The University of Arizona’s plan to open the nation’s 31st veterinary school was dealt a severe setback when the Council on Education refused to issue a letter of reasonable assurance of accreditation, UA announced today. The decision will be appealed, said Shane C. Burgess, Ph.D., the interim dean of the School of Veterinary Medicine. Council chairman John R. Pascoe, BVSc, Ph.D., Dipl. ACVS, told UA in a letter that the school’s plan fell short on five of the 11 standards that colleges of veterinary medicine are expected to meet. The areas of concern were finances, clinical resources, research, students and faculty.
The vacant storefronts on Main Street make it clear that the town is no longer in its prime. Like many rural towns, Brookfield's top moneymakers in decades past were agriculture, transportation and manufacturing. While those industries still exist today, each has taken a hit. The town lost an auto plant. The railroad station is no longer bustling. And farming isn't bringing in as much as it used to. This story is a familiar one for thousands of towns across rural America. It mostly comes down to technology — because of advances like herbicide-resistant seeds and more efficient tractors, farms need fewer employees. The number of farm jobs in the U.S. plummets by 14 percent between 2001 and 2013, according to the Department of Agriculture. "What does that mean for a rural community?" asks Mary Hendriockson, a rural sociologist at the University of Missouri, who says there's a ripple effect. "How are you going to sell insurance if those people aren't there? How are you going to have a bank if those people aren't there? How are you going to have a grocery store?" Pair that with young people fleeing to cities, Hendrickson says, and you're left with small towns that just fade away. "These things just kind of work in tandem," she says. "So we have to ask a lot of questions about what's the future of rural development for these farming-dependent counties."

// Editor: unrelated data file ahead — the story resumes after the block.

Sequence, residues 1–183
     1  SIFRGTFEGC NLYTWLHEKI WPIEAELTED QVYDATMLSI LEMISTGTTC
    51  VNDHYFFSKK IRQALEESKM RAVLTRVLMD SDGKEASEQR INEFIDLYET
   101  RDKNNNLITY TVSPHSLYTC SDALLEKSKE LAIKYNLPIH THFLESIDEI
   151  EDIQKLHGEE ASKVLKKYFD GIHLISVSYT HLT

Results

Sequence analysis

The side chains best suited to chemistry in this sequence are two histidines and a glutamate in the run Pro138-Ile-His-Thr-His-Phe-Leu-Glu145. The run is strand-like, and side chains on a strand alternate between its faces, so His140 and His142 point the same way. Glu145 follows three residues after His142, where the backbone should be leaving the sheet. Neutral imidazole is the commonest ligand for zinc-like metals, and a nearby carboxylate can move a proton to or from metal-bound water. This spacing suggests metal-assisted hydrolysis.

The deeper problem facing the United States is how to provide meaningful work and good wages for the tens of millions of truck drivers, accountants, factory workers and office clerks whose jobs will disappear in coming years because of robots, driverless vehicles and “machine learning” systems. The political debate needs to engage the taboo topic of guaranteeing economic security to families — through a universal basic income, or a greatly expanded earned-income tax credit, or a 1930s-style plan for public-works employment. Ranting about bad trade deals won’t begin to address the problem. The “automation bomb” could destroy 45 percent of the work activities currently performed in the United States, representing about $2 trillion in annual wages, according to a study last year by the consulting firm McKinsey & Co. We’ve seen only the beginning of this change, they warned. Currently, only 5 percent of occupations can be entirely automated, but 60 percent of occupations could soon see machines doing 30 percent or more of the work.
Locals in the Florida Keys are concerned about the prospect of their community becoming a testing ground for the release of thousands of genetically modified mosquitoes marketed as a solution to the Zika virus, and plan to protest the potential experiment.Ultimately, however, the decision will be up to the five-member mosquito control board. Three members have said they will support whatever the public decides, according to a spokeswoman for the board, but two are up for re-election and one is retiring, and the final decision could come before or after the new members begin their terms in January.Oxitec – the British biotechnology company that created the mosquitoes – hopes to release them into the area to test their effectiveness in reducing the population of the type of mosquito that can spread Zika, which has plagued communities in Latin America and the Caribbean and has sparked fears of outbreaks in the US, particularly in Gulf states like Florida. The same type of mosquito can spread diseases like dengue, yellow fever and chikungunya.
California is burning. The state has nine active wildfires as large as 25 acres or more, including the massive Clayton fire north of San Francisco that forced nearly 1,500 residents to flee their homes after it erupted Saturday in dry conditions created by the state’s extreme drought. On Sunday the blaze doubled in size. “The winds really kicked up, and the fire crossed over tentative lines in place [to slow its advance] and started impacting a whole new area,” Suzie Blankenship, a spokeswoman for the California Department of Forestry and Fire Protection, said Monday. “Once it creates that momentum, it really moves. They had a good handle on it. We had this fire contained at 5 percent Saturday. But today it’s still 5 percent. It tells you that the fire keeps moving and moving and moving in different directions.”